07/31/02

Smithsonian Tours With Latin Jazz

Jazz occupies a relatively small niche in the larger music world, and within that pocket, Latin jazz represents perhaps an even smaller community. This fall, a new exhibit from the Smithsonian Institution Traveling Exhibition Service looks to change that by bringing Latin jazz to the attention of music fans across the country.

Displaying the treasures and spirit that Latin jazz has to offer, "Latin Jazz: La Combinacion Perfecta" will open to the public at the Smithsonian Institution in Washington, D.C., on Oct. 17 and will run until Jan. 18, 2003. The exhibit will then embark on a four-year, 12-city tour of the U.S. and the Caribbean. The exhibition, which is a bilingual, multimedia experience, will focus on the cultural exchange that resulted in the creation of Latin jazz. The program was put together by an 18-member advisory committee led by Raul Fernandez, a professor of social sciences at the University of California, Irvine, and included music scholars and historians, musicians, record executives, producers and radio broadcasters.

The exhibit consists of 60 floor panels on 10 freestanding kiosks, wall panels and banners, artifact cases with musical instruments and documents, two audio units, two video units and small percussion instruments for a hands-on room. "La Combinacion Perfecta" traces the roots, growth and spread of Latin jazz by introducing its most important musicians, examining the central cities and venues where the music took hold and demonstrating the importance of dance and rhythm in the genre.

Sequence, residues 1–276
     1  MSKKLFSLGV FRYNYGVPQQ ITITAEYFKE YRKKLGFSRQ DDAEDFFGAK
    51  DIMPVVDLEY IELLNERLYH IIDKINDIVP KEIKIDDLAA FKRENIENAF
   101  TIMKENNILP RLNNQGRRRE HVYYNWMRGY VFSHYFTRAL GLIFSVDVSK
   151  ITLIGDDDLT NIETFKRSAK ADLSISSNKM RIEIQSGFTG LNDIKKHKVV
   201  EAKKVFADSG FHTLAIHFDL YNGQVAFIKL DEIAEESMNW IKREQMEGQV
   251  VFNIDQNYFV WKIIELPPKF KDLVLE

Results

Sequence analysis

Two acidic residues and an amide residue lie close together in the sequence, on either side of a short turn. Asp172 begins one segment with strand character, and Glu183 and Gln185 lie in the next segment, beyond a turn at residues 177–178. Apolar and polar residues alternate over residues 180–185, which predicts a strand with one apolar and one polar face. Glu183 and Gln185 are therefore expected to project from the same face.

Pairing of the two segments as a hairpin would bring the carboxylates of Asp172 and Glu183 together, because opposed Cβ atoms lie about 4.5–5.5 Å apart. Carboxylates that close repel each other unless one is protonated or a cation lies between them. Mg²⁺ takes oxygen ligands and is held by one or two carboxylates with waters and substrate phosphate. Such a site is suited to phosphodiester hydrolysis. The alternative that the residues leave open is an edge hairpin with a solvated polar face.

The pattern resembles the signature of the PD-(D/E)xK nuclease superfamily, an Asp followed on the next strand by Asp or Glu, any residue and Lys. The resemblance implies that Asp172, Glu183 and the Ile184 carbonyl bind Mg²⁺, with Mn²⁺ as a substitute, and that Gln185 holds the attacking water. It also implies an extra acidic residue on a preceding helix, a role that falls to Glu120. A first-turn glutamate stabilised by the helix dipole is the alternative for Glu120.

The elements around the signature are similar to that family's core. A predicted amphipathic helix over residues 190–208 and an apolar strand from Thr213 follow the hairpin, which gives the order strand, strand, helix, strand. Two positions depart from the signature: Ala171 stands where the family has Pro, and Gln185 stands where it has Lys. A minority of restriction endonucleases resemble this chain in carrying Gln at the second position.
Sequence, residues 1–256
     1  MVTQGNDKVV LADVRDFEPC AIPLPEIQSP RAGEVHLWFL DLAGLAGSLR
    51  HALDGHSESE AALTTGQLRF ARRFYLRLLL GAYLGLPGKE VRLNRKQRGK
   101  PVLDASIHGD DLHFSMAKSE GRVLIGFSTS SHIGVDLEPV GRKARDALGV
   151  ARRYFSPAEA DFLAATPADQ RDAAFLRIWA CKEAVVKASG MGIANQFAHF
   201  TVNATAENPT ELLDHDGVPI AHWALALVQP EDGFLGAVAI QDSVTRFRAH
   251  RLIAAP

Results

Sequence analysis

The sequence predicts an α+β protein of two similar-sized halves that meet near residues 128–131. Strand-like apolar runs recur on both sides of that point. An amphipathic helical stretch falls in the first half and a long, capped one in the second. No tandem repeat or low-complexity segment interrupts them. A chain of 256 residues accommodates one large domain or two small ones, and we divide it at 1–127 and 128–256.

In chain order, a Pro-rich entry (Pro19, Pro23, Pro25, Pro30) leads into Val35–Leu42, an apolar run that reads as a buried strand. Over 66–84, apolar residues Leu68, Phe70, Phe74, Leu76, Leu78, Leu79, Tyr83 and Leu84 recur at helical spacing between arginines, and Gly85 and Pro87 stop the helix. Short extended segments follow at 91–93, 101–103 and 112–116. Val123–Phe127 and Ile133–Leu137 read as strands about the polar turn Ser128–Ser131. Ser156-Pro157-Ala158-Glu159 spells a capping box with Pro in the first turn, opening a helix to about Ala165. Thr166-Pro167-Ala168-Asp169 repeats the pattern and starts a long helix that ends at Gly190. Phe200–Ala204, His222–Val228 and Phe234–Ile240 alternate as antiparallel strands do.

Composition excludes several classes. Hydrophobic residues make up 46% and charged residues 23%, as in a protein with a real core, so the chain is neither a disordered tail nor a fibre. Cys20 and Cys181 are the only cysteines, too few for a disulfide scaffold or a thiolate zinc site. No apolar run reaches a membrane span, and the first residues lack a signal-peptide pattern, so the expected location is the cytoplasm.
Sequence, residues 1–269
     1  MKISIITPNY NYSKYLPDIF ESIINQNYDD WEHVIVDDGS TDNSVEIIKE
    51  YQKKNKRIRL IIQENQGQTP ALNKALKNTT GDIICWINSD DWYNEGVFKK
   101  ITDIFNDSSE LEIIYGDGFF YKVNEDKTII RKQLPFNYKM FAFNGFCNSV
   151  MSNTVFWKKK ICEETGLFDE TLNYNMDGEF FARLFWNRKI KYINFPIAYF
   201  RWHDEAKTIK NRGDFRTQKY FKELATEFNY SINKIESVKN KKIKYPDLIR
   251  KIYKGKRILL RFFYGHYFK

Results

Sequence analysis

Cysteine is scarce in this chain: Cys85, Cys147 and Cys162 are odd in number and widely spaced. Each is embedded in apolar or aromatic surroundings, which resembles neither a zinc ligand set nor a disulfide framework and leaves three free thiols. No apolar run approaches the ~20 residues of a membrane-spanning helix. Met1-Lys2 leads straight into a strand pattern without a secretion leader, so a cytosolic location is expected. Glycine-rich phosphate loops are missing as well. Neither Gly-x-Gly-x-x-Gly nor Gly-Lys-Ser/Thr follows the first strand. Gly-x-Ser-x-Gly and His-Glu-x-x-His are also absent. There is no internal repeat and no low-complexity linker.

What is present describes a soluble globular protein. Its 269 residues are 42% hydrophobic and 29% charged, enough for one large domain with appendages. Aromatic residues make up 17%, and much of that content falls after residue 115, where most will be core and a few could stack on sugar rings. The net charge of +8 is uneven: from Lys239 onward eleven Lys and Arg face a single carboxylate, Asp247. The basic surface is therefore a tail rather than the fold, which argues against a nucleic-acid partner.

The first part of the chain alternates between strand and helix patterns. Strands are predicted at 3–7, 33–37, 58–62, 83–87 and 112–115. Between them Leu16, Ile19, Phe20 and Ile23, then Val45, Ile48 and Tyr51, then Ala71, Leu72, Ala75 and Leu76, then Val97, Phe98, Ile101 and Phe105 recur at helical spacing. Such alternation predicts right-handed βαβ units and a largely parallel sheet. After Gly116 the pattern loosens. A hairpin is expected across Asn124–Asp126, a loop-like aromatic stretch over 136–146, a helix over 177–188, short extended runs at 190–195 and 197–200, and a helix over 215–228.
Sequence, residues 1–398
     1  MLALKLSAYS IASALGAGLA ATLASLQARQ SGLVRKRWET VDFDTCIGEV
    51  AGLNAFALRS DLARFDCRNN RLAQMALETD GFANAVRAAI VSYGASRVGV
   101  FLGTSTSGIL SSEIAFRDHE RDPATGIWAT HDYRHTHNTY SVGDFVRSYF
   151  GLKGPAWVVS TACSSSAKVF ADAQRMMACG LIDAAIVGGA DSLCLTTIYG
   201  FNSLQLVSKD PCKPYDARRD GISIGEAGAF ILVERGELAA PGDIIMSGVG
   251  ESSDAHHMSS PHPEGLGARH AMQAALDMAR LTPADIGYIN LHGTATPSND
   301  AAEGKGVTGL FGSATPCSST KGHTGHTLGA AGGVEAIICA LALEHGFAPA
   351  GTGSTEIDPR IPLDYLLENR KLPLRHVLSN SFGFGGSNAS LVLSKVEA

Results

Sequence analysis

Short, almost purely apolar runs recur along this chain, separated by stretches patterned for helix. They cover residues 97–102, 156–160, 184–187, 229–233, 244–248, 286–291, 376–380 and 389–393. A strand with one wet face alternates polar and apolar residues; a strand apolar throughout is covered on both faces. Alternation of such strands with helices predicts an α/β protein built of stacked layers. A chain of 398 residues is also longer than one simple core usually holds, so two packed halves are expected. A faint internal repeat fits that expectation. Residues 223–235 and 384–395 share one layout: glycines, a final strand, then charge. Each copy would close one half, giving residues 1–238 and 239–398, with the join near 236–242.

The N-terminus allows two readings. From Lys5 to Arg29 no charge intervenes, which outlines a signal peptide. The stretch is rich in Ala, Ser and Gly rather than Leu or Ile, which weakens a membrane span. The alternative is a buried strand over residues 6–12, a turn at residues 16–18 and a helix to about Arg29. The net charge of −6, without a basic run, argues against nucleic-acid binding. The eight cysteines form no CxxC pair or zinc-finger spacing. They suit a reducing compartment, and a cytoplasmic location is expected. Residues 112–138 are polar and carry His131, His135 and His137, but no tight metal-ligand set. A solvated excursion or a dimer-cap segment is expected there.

Featured instruments include a Dizzy Gillespie trumpet, a 5-key Cubanwood flute played by Danilo Lozano, a shakere made by the Bando Brothers, timbales played by Tito Puente (pictured) and a Pancho Sanchez conga drum. Educational materials will include an interactive educational Web site, a curriculum guide for educators, an instructional video on small percussion instruments, a companion book published by Chronicle and a CD produced by Smithsonian Folkways recordings. Also featured will be vintage film footage, oral history interviews, photographs, musical scores, programs and album covers.

Smithsonian secretary Lawrence Small says of Latin jazz, "Listen to it, and you can't help but move to the music. Read about it, and it opens doors to our diverse past. Latin jazz is American and world music. We're delighted to bring this long overdue exhibition to the public."

For more information, visit www.sites.si.edu.

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